Lido Pool and Pavilion plan takes a final dive in City Hall

Lido Key resident Sylvia Babineau the morning after the vote. She and thousands of residents fought the plan.

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The much-decried plan to redevelop the Lido Pool & Pavilion into a 250-seat restaurant and bar is officially dead in the water.

The Sarasota City Commission voted 4-1 this week to pay the applicants for the project, Troy Syprett and Gavin Meshad, $206,224 for expenses incurred and their agreement to terminate the lease agreement.

The vote did not come before numerous residents chastised the commission and more directly, city staff, for the situation that unfolded over the past three years.

“For months I asked for documents regarding this lease agreement and nothing came forward. Then suddenly we had an executed agreement. It was very Machiavellian and done in secrecy. We need to get out of this and be done with it,” said City resident Charlie Wells.

Former Commission candidate and resident Martin Hyde, laid the blame most directly on City Manager Tom Barwin who had excused himself temporarily from the meeting.

“I am glad the City Manager excused himself. He screwed this up totally. I’m glad he left the room and I hope he’s hanging his head in shame. I agree the lessee got absolutely hosed here by the overstepping of the staff and the city manager. I would offer the applicant one hundred grand and send them on their way,” said Hyde.

City resident Cathy Antunes said that the “generous” offer from hotel and resort owner Mark Walsh to donate $175,000 to refurbish the pavilion helped soften the blow incurred by paying the applicants to withdraw the plan.

“We live in an imperfect world; we need to learn from what went wrong here,” said Antunes.

Sarasota attorney Dan Loebeck said if he was on the commission, he would not pay a penny to the applicants. He summed up the entire dilemma by saying that the City had staff making policy, lining up the votes, and then bringing issues to the commission when they are sure they will pass.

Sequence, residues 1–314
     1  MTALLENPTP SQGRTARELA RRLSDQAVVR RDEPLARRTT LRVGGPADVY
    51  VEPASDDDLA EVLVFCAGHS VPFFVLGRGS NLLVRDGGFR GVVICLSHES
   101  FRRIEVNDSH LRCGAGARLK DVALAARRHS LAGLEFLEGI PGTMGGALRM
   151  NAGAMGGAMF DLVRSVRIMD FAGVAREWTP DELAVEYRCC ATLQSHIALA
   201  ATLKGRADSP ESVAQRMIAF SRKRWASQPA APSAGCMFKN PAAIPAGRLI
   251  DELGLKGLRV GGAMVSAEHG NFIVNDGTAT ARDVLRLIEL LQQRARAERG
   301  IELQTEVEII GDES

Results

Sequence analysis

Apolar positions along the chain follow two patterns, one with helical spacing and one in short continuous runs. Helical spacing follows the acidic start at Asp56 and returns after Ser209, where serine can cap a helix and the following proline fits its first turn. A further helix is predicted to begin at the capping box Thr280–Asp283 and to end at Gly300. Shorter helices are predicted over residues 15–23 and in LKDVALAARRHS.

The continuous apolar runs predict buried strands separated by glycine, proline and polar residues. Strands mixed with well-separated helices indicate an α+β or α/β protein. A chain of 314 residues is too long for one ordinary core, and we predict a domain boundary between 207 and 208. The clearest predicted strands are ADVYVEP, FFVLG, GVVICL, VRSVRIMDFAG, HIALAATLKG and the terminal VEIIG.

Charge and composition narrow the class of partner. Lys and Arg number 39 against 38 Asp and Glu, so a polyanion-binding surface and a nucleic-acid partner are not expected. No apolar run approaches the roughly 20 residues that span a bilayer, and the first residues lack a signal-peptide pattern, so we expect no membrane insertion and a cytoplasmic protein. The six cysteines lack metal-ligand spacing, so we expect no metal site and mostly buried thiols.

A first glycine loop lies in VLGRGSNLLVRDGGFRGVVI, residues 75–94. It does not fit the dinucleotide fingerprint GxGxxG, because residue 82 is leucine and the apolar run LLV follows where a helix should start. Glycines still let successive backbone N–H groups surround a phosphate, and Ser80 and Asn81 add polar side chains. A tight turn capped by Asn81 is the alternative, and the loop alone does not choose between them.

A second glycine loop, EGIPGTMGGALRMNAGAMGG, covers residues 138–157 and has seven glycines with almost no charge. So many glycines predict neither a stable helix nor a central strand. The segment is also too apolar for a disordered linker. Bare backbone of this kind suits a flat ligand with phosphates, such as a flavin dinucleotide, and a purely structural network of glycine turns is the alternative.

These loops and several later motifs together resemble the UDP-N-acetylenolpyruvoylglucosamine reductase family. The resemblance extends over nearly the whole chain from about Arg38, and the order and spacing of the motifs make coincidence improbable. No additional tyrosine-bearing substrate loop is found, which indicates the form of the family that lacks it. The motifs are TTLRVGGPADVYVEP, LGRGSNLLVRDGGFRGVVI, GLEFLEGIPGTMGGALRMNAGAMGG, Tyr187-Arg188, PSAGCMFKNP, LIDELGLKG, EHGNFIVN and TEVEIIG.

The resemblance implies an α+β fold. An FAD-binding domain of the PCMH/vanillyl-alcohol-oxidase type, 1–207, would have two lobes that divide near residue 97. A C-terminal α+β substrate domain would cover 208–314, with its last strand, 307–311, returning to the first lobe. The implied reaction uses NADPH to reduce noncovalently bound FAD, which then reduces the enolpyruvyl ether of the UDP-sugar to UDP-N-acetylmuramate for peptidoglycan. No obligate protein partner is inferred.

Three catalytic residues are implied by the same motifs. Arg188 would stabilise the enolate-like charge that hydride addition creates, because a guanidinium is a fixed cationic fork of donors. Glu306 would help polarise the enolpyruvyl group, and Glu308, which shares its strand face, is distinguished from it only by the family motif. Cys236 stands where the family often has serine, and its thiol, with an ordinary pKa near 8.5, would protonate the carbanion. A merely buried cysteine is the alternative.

“The city commission needs to grab a hold of policy making,” said Loebeck.

City attorney Robert Fournier recommended to the commission that it approve the payment to terminate the plan, arguing that the city would incur liability if the plan went forward under any scenario or outcome. The plan was found by the City Planning Board to not be in compliance with the criteria for major conditional use and the board enumerated concerns that it did not meet Federal Emergency Management Association, and Comprehensive Plan requirements.

Ironically, on the other side of the argument was not only the applicant, but city staff. City staff strenuously maintained the project did conform to city codes and regulations and recommended approval.

It was in a January meeting of this year that the plan was destined to come to a final vote by the City Commission on the question of whether it met the critieria of a Major Conditional Use. Instead of a vote, the applicant asked the city to continue the hearing and said it wanted to withdraw the proposal, but it would be seeking out-of-pocket expenses. It was at that same meeting that the attorney for Walsh said that Walsh would donate $175,000 if the city agreed to terminate the plan and instead built or renovated the pavilion in a manner that had community support was compatible with the neighborhood and was not leased to a private entity.

Fournier told the commission last week that if the commission thought it benefited the community to make the project go away, “it is your decision.”

Commissioner Shelli Freeland Eddie said there needs to be a process that the community and applicant can rely on. She added that the commission was not addressing the bigger issue, just stopping this particular process.

Commissioner Hagen Brody made clear he would be voting in favor of the settlement.

“The settlement is the only way to quash this today. Denying this puts it back on the table for this to continue. I have thought of how much expense on the applicant’s side, and how much exposure to the City. I feel there is a lot of exposure and liability on the City’s behalf,” said Brody.

Mayor Liz Alpert said the applicants had come in with a site plan that mirrored what the Lido Key Residents’ Association wanted in 2012. She then expressed empathy for the applicants adjusting to numerous changes that were requested.

“This is a good way to put a halt to this and go back to the drawing board,” said Alpert.

When the vote was called, Mayor Alpert, Vice Mayor Ahearn-Koch, Commissioners Brody and Freeland Eddie voted to pay the applicants and end the agreement. Commissioner Willie Shaw voted against the measure.

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